Analysis of 501 Queen: Part IV — Saturday & Sunday December 9 & 10, 2006

Weekend operations on Queen have some problems in common with the weekday service, but these show up at different times and locations.  In place of rush hour effects, the line is affected by shopping and entertainment-related congestion that builds and ebbs over longer periods.

On Saturday, the service is reasonably well behaved until early afternoon, but at that point, bunching sets in.  As on weekdays, there appears to be no effort to space out the service and pairs of cars travel across the city together.  This is difficult to justify especially considering the long layovers most cars get at Humber and Long Branch.

Some artifacts of the CIS system show up in the chart including:

  • Cars appear to arrive at Humber Loop westbound, depart immediately eastbound and operate quite slowly at the start of their trip.  This is caused by my inability to distinguish the departure from Humber as a distinct event, and only the arrival time is shown.  In fact, cars at Humber have a layover.
  • Cars occasionally appear to reverse direction briefly because their location, as calculated from the odometer, is slightly ahead of reality.  When they pass a signpost, their position is reset .
  • In some cases, eastbound cars seem to take a long time make the last part of their trip to Neville (from about Wineva eastward).  This is caused by CIS not reporting their progress at intervening locations, and the layover at gets counted into the travel time.  This is a similar effect to the one we see at Humber for departures.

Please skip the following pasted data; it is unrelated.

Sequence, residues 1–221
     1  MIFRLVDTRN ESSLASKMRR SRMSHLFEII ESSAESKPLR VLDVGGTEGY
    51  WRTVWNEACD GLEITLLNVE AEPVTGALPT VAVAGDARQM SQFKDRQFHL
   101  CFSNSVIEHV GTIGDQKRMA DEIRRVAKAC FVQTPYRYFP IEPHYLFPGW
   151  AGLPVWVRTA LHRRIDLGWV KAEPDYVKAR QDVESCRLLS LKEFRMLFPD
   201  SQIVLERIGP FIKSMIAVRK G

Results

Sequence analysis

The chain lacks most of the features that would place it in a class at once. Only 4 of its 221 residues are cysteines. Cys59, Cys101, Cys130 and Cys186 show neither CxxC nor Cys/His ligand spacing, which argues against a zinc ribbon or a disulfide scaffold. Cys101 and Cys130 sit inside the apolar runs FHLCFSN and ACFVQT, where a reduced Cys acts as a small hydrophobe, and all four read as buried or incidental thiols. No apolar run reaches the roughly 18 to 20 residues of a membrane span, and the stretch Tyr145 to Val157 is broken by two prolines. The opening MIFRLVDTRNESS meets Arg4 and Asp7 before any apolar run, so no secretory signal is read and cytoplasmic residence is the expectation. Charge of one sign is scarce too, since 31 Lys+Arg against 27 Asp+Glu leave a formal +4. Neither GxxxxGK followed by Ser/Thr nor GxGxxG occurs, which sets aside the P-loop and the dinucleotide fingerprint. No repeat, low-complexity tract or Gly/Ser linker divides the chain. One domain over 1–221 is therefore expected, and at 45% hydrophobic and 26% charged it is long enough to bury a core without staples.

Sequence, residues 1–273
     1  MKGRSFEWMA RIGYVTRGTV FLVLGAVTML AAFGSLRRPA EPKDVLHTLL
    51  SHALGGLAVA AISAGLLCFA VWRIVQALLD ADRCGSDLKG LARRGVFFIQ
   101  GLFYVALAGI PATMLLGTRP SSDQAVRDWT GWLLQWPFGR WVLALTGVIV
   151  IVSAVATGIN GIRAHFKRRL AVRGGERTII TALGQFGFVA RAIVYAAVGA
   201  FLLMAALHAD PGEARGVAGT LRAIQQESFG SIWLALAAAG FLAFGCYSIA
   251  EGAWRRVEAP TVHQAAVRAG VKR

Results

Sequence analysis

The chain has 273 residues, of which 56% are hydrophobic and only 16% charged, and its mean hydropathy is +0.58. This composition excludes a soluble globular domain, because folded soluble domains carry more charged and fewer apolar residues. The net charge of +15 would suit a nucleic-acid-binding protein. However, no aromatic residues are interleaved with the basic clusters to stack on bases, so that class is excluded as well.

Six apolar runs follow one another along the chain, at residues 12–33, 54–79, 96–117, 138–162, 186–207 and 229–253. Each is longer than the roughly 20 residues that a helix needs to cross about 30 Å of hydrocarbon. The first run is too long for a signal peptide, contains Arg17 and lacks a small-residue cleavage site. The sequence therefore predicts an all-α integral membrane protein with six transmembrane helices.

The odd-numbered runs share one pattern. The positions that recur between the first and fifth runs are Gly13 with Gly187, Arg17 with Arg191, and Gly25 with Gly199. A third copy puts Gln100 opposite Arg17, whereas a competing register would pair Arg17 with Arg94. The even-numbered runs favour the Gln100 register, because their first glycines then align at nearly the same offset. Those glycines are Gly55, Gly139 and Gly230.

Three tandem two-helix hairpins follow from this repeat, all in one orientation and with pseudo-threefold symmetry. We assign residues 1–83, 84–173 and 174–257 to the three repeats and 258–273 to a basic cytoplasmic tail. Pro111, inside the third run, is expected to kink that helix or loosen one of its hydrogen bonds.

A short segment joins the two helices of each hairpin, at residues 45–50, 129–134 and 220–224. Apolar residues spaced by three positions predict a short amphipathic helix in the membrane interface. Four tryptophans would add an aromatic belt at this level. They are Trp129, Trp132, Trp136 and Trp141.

One particular event is worth looking at.  A gap opens up inbound from Humber at about 11:30 am.  An inbound car from Long Branch (green line) sits for quite a while at Humber, along with two outbound Humber cars (blue and brown) while one outbound car (orange) runs through to Long Branch.  Those three outbound cars arrived in a pack westbound following what appears to be a dawdler (brown) all the way from Neville.  The  inbound Long Branch car (green) that clearly should go east ahead of this pack waits at Humber and follows the slow car (brown) who is short turned eastbound at Woodbine Loop. 

At no time is there any indication of line management, and this parade of cars sticks together causing a 30 minute gap to Neville.  What is worse, they continue westbound and are joined by a short turn coming out of Woodbine (grey) after a respectable layover right in front of the pack rather than into the gap it should have filled westbound.

Queen 2006.12.09 Service Chart

Headways on Queen are not regular and the operation has the same problem we saw on weekdays that cars do not leave terminals on a regular spacing.  Westbound from Neville, headways stay roughly three minutes either side of the average, but this opens up, particularly in the early afternoon when aggressive short turning eastbound at Woodbine Loop begins.  Even with the short turns rejoining the line westbound, the headway regular swings the full six minutes within the TTC’s “on time” target, and these swings become more accentuated as pairs of cars cross the city.  By the time they reach Dufferin, headways range five minutes either side of the average.

West of Roncesvalles, headways start to open up due to short turns, and west of Humber Loop, service deteriorates badly.  Headway swings of 8 to 10 minutes either side of average are common, and pairs of cars operate almost together on a line that is supposed to have 12 minute service.  There are two gaps of over half an hour.

Queen 2006.12.09 Headways Westbound

Eastbound from Long Branch Loop, the average headway sits quite reliably at 12 minutes for most of the day, although there are some swings away from the target band especially following one long westbound gap.  Clearly, the long layovers at Long Branch do smooth out the inbound service in this case, but it doesn’t stay smooth for long.

Comoparing the swing in headways at Long Branch Loop and those further east enroute to Humber, we can see the headways open up and the pairing of cars set in.